Effect of roughness formulation on the performance of a coupled wave, hydrodynamic, and sediment transport model
Ganju, Neil K.
Sherwood, Christopher R.
MetadataShow full item record
A variety of algorithms are available for parameterizing the hydrodynamic bottom roughness associated with grain size, saltation, bedforms, and wave–current interaction in coastal ocean models. These parameterizations give rise to spatially and temporally variable bottom-drag coefficients that ostensibly provide better representations of physical processes than uniform and constant coefficients. However, few studies have been performed to determine whether improved representation of these variable bottom roughness components translates into measurable improvements in model skill. We test the hypothesis that improved representation of variable bottom roughness improves performance with respect to near-bed circulation, bottom stresses, or turbulence dissipation. The inner shelf south of Martha’s Vineyard, Massachusetts, is the site of sorted grain-size features which exhibit sharp alongshore variations in grain size and ripple geometry over gentle bathymetric relief; this area provides a suitable testing ground for roughness parameterizations. We first establish the skill of a nested regional model for currents, waves, stresses, and turbulent quantities using a uniform and constant roughness; we then gauge model skill with various parameterization of roughness, which account for the influence of the wave-boundary layer, grain size, saltation, and rippled bedforms. We find that commonly used representations of ripple-induced roughness, when combined with a wave–current interaction routine, do not significantly improve skill for circulation, and significantly decrease skill with respect to stresses and turbulence dissipation. Ripple orientation with respect to dominant currents and ripple shape may be responsible for complicating a straightforward estimate of the roughness contribution from ripples. In addition, sediment-induced stratification may be responsible for lower stresses than predicted by the wave–current interaction model.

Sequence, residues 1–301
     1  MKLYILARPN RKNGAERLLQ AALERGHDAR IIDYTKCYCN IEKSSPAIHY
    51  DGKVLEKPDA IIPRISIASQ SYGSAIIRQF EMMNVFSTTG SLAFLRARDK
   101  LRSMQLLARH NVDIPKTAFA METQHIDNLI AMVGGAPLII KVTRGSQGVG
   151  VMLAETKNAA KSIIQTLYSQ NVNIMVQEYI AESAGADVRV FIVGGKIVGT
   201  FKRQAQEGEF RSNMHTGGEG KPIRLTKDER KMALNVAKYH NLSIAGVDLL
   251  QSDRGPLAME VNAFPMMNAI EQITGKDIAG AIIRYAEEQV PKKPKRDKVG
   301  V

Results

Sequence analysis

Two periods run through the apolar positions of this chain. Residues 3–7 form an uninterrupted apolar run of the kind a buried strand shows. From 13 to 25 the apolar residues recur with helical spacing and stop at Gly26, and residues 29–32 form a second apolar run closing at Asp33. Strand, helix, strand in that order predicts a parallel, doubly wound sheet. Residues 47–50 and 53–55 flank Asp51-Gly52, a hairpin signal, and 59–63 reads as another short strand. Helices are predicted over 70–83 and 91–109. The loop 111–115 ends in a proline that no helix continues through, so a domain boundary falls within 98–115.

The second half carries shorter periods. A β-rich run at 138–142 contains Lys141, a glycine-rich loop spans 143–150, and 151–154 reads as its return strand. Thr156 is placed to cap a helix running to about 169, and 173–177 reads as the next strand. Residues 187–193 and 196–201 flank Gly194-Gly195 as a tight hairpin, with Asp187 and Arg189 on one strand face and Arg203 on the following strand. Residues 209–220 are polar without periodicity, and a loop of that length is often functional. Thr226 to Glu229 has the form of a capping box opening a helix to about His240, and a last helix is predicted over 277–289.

This paper is not subject to U.S. copyright. The definitive version was published in Ocean Modelling 33 (2010): 299-313, doi:10.1016/j.ocemod.2010.03.003.
Showing items related by title, author, creator and subject.
Hsu, Tian-Jian; Elgar, Steve; Guza, R. T. (2006-04-06)The 25-m onshore migration of a nearshore sandbar observed over a 5-day period near Duck, NC is simulated with a simplified, computationally efficient, wave-resolving singlephase model. The modeled sediment transport is ...
Ocean–atmosphere dynamics during Hurricane Ida and Nor’Ida : an application of the coupled ocean–atmosphere–wave–sediment transport (COAWST) modeling system Olabarrieta, Maitane; Warner, John C.; Armstrong, Brandy; Zambon, Joseph B.; He, Ruoying (Elsevier B.V., 2011-12-30)The coupled ocean–atmosphere–wave–sediment transport (COAWST) modeling system was used to investigate atmosphere–ocean–wave interactions in November 2009 during Hurricane Ida and its subsequent evolution to Nor’Ida, which ...
Model behavior and sensitivity in an application of the Cohesive Bed Component of the Community Sediment Transport Modeling System for the York River estuary, VA, USA Fall, Kelsey A.; Harris, Courtney K.; Friedrichs, Carl T.; Rinehimer, J. Paul; Sherwood, Christopher R. (MDPI AG, 2014-05-19)The Community Sediment Transport Modeling System (CSTMS) cohesive bed sub-model that accounts for erosion, deposition, consolidation, and swelling was implemented in a three-dimensional domain to represent the York River ...